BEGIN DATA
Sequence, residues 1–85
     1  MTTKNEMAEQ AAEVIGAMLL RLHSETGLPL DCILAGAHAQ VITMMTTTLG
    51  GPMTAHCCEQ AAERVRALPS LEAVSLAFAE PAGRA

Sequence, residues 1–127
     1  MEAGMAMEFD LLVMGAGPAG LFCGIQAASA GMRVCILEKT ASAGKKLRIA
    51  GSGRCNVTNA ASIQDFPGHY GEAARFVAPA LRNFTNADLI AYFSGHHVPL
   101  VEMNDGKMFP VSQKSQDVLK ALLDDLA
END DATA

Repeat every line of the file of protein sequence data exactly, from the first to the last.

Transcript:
Sequence, residues 1–85
     1  MTTKNEMAEQ AAEVIGAMLL RLHSETGLPL DCILAGAHAQ VITMMTTTLG
    51  GPMTAHCCEQ AAERVRALPS LEAVSLAFAE PAGRA

Sequence, residues 1–127
     1  MEAGMAMEFD LLVMGAGPAG LFCGIQAASA GMRVCILEKT ASAGKKLRIA
    51  GSGRCNVTNA ASIQDFPGHY GEAARFVAPA LRNFTNADLI AYFSGHHVPL
   101  VEMNDGKMFP VSQKSQDVLK ALLDDLA